Rich, powerful told: No selfies, please, with Japanese royals
The Japanese imperial couple would have been the subject of selfies among the country’s rich and powerful at Thursday night’s dinner hosted by the Japanese ambassador to the Philippines.
But no, thanks, that would be against Japanese protocol.
Instructions were laid out moments before Emperor Akihito and his wife Michiko arrived at the residence of Japanese Ambassador Kazuhide Ishikawa at the posh Forbes Park in Makati City.
The couple are on a historic state visit which began on Tuesday.
Speaking on the microphone, Atsushi Ueno, deputy chief of mission of the Japanese Embassy, began his instructions with “Their Excellencies” to the guests in the hall of Kazuhide’s house.
He was addressing a throng of VIPs—former President Fidel V. Ramos and his wife Ming, Senate President Franklin Drilon, Speaker Feliciano Belmonte Jr., Foreign Secretary Albert del Rosario, members of the Aquino Cabinet and businessmen Jaime Zobel de Ayala and Ramon Ang.
Mobile phones turned off
“Only the press and the official photographers are allowed to take pictures here. So please refrain from taking photos with any device including a mobile phone,” Ueno said.
Japanese and Filipino journalists covering the reception were kept at bay by a cordon at a corner of the hall.
“Please turn off your mobile phones and set it on silent mode,” Ueno went on.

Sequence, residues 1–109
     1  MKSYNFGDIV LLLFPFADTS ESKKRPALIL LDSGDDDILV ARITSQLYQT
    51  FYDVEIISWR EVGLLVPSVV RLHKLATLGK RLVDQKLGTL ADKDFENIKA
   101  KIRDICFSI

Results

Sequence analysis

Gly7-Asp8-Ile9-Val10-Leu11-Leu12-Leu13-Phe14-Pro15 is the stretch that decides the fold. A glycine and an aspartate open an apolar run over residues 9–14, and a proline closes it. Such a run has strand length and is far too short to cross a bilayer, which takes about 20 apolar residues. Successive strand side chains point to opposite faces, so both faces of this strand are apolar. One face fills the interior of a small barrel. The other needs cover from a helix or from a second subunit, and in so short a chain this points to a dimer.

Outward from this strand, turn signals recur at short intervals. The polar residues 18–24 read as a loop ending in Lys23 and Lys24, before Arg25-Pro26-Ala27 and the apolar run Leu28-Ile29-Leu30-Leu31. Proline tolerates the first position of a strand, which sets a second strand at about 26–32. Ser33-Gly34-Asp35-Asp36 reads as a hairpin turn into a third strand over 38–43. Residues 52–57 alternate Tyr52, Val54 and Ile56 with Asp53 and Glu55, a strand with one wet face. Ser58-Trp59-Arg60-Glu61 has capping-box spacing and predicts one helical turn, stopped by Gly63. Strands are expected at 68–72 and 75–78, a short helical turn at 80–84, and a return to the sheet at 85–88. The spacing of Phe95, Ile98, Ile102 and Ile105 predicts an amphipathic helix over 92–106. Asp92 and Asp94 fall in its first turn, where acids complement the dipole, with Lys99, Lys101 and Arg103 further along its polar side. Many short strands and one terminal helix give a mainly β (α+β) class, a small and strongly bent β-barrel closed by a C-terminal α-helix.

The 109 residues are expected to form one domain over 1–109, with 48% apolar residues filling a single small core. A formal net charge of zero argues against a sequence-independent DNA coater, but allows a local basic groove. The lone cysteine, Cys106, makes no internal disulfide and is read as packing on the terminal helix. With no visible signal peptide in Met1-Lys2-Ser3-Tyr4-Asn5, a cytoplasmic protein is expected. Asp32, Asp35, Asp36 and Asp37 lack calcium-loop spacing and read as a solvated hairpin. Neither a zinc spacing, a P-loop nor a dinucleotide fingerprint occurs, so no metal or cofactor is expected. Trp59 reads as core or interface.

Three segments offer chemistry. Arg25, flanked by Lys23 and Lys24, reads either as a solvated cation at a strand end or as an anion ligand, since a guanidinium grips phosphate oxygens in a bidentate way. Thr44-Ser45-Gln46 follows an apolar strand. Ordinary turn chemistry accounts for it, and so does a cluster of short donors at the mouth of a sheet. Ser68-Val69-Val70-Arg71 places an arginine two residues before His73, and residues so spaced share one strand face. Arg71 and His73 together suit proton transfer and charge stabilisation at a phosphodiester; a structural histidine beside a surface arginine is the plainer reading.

“Unless their majesties extend their hands, please refrain from shaking hands with them,” Ueno said, repeating it later to stress the point.
“I’m sorry,” Ueno said afterward, sounding apologetic for the rigid rules.
“Please do not present any gift to the majesties,” he said, drawing waves of laughter from the audience.
“Talk to the majesties only when they talk to you. Talk clearly and loudly,” he went on.
The last rule, he said, was: “Their majesties wish to have conversations with as many guests as possible. Please refrain from talking too long. Please stop trying to have a conversation again and again with their majesties.”
Bow and handshake
The emperor in a black suit and his empress in a brown kimono—the Japanese traditional garment—arrived with President Aquino and sister Pinky Aquino-Abellada at 7:11 p.m.
One by one, the guests went up to the emperor and the empress, as if according to their stature. Former President Ramos went first followed by Drilon and Belmonte.
A bow followed by a handshake was the way to greet the emperor and the empress as the journalists saw.
Those seeking audience with their majesties had to line up and wait for their turn in an orderly fashion—not a typical sight during receptions for diplomats, businessmen and government officials.
Aquino and his sister left half an hour after with the royal couple seeing them off.
Without eating, the imperial couple left the reception shortly before 8 p.m. and headed to Sofitel Philippine Plaza Hotel, where they are billeted.
The Thursday night’s list of protocols showed how the Japanese revere the emperor, who lack executive and political power, and has remained a figurehead in Japan.
The emperor, called “Heavenly Sovereign” in the Japanese language, is Japan’s “symbol of the State and the unity of the people” as its 1947 Constitution states.
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